Thanks for reading, Jina!


  6. Yay, I’m happy that you found a good ‘un in your files/stacks. 😀
    I’ve not returned to my years-ago Holmes obsession, but I can imagine doing so, at some point, when the urge comes back.
    Angela Misri’s series for children, about a woman who inherits 221B Baker Street, appeals to me, (I heard it was fun!) but I’ve just never gotten around to it yet.
    Have not watched Enola Holmes and have definitely gotten mixed messages about it. Fortunately there are so many good shows to watch that I haven’t felt the need to try.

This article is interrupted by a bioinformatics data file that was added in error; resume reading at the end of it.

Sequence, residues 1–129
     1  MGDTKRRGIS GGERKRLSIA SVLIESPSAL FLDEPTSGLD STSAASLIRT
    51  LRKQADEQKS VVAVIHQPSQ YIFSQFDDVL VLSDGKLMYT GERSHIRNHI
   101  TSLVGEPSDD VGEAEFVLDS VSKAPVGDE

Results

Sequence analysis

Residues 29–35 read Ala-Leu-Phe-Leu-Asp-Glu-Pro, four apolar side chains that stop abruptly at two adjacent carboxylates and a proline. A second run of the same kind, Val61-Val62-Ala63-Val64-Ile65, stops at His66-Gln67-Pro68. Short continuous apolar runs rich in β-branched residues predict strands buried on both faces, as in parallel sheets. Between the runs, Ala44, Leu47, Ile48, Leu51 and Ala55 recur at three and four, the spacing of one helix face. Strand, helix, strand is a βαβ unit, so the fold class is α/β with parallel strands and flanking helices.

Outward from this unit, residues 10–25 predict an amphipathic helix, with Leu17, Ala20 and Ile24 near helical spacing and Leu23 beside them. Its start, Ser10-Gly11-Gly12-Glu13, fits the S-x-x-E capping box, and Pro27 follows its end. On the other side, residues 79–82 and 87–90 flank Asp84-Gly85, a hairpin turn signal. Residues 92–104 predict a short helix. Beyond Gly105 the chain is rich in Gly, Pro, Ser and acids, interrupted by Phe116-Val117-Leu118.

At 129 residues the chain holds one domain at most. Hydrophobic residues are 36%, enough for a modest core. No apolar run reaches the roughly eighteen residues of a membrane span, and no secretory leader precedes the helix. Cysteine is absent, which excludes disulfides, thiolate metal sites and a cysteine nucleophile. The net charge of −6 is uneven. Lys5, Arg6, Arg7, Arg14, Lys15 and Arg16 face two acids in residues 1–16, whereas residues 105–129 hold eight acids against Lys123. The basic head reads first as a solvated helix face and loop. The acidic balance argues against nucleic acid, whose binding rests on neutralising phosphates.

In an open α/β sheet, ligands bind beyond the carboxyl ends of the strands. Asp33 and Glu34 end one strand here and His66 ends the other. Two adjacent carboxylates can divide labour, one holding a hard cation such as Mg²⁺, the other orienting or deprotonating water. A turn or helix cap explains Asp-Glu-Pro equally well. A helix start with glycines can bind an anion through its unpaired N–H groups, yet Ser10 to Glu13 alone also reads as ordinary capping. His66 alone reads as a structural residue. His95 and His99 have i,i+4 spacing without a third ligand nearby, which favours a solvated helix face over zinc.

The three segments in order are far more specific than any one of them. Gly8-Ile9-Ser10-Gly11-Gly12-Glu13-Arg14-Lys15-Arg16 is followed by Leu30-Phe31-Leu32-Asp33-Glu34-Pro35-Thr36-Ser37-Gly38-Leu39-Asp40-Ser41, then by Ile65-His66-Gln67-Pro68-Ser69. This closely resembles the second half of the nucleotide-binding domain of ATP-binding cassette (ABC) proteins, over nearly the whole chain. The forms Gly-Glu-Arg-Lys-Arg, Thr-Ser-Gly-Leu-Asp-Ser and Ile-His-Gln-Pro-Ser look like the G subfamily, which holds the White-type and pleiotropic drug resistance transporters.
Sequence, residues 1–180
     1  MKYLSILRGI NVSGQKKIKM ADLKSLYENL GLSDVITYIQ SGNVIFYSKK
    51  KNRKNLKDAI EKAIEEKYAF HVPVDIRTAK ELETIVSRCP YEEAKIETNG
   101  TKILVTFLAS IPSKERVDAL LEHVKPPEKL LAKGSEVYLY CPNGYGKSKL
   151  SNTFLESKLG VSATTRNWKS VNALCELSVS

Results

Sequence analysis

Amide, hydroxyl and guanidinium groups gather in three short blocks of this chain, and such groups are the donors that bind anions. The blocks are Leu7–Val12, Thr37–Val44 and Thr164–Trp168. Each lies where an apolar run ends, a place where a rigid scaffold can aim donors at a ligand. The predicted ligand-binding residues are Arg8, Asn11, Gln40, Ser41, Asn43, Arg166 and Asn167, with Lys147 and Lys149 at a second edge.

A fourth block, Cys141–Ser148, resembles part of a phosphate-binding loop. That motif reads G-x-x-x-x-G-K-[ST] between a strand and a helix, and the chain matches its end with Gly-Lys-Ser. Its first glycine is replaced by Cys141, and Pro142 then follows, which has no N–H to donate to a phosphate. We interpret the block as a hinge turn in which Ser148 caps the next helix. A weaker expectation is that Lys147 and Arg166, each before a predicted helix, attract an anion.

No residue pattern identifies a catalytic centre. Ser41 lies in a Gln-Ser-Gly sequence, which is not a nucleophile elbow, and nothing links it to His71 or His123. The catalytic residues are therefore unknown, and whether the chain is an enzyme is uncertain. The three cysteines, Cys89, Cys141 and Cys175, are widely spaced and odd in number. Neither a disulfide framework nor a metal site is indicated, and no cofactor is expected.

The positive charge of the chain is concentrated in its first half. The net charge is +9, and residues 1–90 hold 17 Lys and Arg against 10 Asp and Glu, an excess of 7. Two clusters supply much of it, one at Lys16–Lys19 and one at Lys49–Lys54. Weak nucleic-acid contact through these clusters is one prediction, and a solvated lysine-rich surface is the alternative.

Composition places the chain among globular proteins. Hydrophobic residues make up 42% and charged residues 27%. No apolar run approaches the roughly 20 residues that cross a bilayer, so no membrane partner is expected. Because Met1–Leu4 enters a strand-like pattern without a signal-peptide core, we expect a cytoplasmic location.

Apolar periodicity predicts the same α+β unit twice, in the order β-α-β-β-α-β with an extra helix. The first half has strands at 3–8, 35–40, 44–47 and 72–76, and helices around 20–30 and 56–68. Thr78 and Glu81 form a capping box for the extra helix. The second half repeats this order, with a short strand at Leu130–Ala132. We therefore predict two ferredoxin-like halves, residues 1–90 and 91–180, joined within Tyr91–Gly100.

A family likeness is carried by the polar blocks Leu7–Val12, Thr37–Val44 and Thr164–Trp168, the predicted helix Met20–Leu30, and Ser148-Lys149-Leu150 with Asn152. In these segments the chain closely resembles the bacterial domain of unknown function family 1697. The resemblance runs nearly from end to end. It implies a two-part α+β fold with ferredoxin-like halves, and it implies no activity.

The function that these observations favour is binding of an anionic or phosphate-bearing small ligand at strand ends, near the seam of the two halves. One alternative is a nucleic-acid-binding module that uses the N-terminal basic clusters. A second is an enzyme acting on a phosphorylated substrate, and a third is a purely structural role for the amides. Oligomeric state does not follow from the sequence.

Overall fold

Liked by 1 person

    1. Thanks! 😀
      I do like to keep my Holmes-related reads on back burner: one or two books a year is just a right amount 😉

      I’ll take a closer look at Misri’s series, thanks for the rec! I want to read at least one Cthulhu/Holmes book by Lovegrove, heard good things about them.

      Yup, there are some good shows, so no need to watch Enola, indeed! 😀